I love growing herbs. For the most part, they're easy, not picky about the soil conditions or whether you water them regularly...and they add a delicious flavor to my cooking. Well, here's another way to put the herbs and edible flowers to good use - in your nesting boxes and coop. Fresh or dried - the aromatherapy and other benefits are immense for your flock!
The first creme brulee recipe was published in François Massialot's cookbook,“Cuisinier Roial et Bourgeois” (Royal and Borgeoise Cooking) in 1691 and literally means 'burnt cream'. This classic dessert is one of my favorites and often appears on restaurant dessert menus, but it's easy to make at home - and made at home with fresh eggs rivals any that I have had at any restaurant.
Here is the classic recipe and also two delicious variations: coffee-brandy and bananas foster. All three recipes use the same basic recipe and techniques. A handheld kitchen torch makes the bruleeing easier, but you can also broil your custards in the oven if you don't have a torch.
A broody hen can be a godsend if you are trying to hatch chicks. No worries about incubators, brooder boxes or heat lamps...the hen will take care of it all.
Feed bags are made of incredibly sturdy material and come in all sorts of pretty colors and patterns and it's a shame to just throw them out. Some communities are banning plastic grocery bags, others are taking a few cents off your grocery bill for each tote bag you use, but even if you live in an area that doesn't give an incentive to use a reusable tote bag, its still an in expensive, easy, eco-friendly way to help save the environment.
If you have ever fed your chickens scratch then you know that it's like crack for them. They scramble around pecking it up as fast as they can, fighting and scratching for each last piece. It's like crack for chickens. Not nutritious, but a great cold weather energy source for the chickens and they love it! I toss a scoopful into the run each afternoon in the winter a few hours before dark.
Dust baths are a chicken's way of keeping clean. The fine sand or dust keeps their feathers clean and helps them stay free of mites, lice and other parasites. You can help make bathing easy for your chickens by finding a nice dry spot in the run where there is fine dirt or sand and adding some fireplace ash, food-grade diatomaceous earth and dried herbs.
Egg laying natural slows at various times of the year due to the heat, shorter days, molting etc. [Read more here...] But if you plan ahead and freeze some of your eggs when they are plentiful, you won't end up having to resort to buying store bought (icky) eggs.
I love hard-cooked eggs. I like to keep a container of them in the fridge and like to pop one in my mouth for a quick, nutritious snack.
The one downside to fresh eggs is how hard they are to peel. Everyone says 'just mark some and put them aside for a few weeks and then they'll peel fine'. Well, to me, that defeats the purpose of raising chickens for the fresh eggs if you're just going to let them sit around and get old. I was determined to figure out how to get perfectly peeled hard-cooked eggs. I tried every method out there I think - with mixed results.
Not long after you start keeping chickens, every predator in the neighborhood will have your coop on their radar. One of the hardest things about keeping chickens is keeping them safe from predators, but if you can figure out what you're faced with, it can make trapping or otherwise dealing with them far easier. This is clearly not a topic that is pleasant to think - or read - about but as a chicken keeper our responsibility is to keep our chickens safe.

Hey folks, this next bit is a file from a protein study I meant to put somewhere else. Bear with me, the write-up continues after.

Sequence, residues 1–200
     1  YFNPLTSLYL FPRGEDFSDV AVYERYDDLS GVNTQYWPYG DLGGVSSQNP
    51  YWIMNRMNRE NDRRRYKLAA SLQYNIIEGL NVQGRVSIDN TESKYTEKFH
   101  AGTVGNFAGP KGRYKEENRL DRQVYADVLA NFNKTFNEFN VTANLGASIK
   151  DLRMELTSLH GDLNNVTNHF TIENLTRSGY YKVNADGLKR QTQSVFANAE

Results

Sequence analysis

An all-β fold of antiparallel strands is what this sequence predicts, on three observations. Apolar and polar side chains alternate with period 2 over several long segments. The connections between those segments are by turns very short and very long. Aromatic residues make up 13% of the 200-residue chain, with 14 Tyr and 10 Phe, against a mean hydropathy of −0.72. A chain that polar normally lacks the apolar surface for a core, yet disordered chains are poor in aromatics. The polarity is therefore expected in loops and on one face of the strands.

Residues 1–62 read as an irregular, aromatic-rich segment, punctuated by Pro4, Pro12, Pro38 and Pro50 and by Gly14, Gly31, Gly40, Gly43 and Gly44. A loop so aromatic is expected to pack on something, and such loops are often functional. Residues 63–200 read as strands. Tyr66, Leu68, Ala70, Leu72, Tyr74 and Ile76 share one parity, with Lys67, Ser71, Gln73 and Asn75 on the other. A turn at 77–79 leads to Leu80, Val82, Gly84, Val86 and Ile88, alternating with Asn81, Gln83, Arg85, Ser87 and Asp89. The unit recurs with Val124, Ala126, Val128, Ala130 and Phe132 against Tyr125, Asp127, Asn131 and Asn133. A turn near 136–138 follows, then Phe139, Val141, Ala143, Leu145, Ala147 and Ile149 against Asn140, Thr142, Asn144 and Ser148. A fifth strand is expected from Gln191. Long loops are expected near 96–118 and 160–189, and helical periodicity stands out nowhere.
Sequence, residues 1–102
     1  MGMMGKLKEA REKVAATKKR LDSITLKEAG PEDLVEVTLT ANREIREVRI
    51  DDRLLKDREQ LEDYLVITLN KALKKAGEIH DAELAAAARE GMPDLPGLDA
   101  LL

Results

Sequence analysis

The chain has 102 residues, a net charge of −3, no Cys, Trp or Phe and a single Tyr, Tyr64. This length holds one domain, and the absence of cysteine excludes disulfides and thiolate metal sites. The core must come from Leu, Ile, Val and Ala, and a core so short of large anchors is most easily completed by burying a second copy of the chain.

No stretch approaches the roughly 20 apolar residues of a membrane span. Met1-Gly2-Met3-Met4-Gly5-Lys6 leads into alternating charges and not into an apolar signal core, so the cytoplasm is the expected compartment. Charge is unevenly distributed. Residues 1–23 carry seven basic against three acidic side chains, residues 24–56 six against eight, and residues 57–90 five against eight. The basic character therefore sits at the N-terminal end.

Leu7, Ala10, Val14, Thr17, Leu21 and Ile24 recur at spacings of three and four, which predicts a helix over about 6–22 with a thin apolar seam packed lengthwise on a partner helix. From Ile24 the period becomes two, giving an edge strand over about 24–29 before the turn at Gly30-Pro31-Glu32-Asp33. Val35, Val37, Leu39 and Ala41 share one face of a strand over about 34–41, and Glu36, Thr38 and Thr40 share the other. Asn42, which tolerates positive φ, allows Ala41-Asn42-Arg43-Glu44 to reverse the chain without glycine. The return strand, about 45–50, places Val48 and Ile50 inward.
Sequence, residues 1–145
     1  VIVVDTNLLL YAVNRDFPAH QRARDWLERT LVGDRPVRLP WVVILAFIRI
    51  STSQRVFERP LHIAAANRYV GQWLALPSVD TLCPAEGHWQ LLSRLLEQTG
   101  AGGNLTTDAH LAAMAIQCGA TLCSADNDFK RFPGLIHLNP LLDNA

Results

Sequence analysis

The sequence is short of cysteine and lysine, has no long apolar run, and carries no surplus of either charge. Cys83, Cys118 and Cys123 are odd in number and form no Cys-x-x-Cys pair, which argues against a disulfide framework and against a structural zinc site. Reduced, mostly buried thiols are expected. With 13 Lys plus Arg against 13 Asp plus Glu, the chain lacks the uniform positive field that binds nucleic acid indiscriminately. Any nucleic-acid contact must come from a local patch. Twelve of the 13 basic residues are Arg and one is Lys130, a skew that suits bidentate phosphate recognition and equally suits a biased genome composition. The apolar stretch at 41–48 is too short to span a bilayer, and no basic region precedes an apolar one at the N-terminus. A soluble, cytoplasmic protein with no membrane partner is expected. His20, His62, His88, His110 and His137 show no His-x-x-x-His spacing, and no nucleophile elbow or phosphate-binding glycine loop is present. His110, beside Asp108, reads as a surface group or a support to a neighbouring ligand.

I enjoy cooking a leisurely breakfast on Sunday mornings and there's nothing better than using fresh eggs collected that very morning. They are wonderful scrambled, over easy, fried, and as omelets...but if I had to choose just one way to eat eggs for the rest of my life, I would chose Benedict-style.
"Polly, put the kettle on, we'll all have tea."
~ Charles Dickens~
One spring project you might want to put on your list is an herb garden for your chickens. I have a small section for herbs in my vegetable garden, you don't need a lot of room for them.
The chickens love to eat fresh parsley, basil, cilantro, mint, oregano and other herbs. Herbs contain lots of nutrients and since chickens can actually choose to direct nutrients towards themselves or to their eggs, the more nutrients they eat, the more excess they have to direct right into their eggs.
Since starting to raise our own chickens, chicken as a food group as pretty much dropped off the menu at our house. Once I started to learn about chickens, and watch their social interactions both within the flock and with our other animals and family members, I just couldn't see them as food any longer.
To heat or not to heat your coop in the winter.....that is the question. Dry straw or shavings, wood, chickens, heat source....not a good combination. An oft-debated topic among chicken keepers is the subject of heating your coop or not.
When we had only 8 chickens, it was relatively cheap and easy to just add extra lettuce, cabbage, broccoli, corn or other treats to my weekly grocery shopping list for the chickens, but now with 33 little mouths, I find myself trying to be more creative and also feed them mainly kitchen scraps, leftovers and things from the yard and garden.
If you raise chickens long enough, the day will come when you need to administer first aid. Whether it be a sprain, hurt foot, broken toenail, puncture wound, insect sting, respiratory infection, cuts, frostbite, bumblefoot, open sores, mites, worms, or an injury from another chicken or a predator, you want to be prepared in advance so you aren't running around trying to find what you need, or making a trip to the store, an emotional mess, with a hurt chicken on your hands.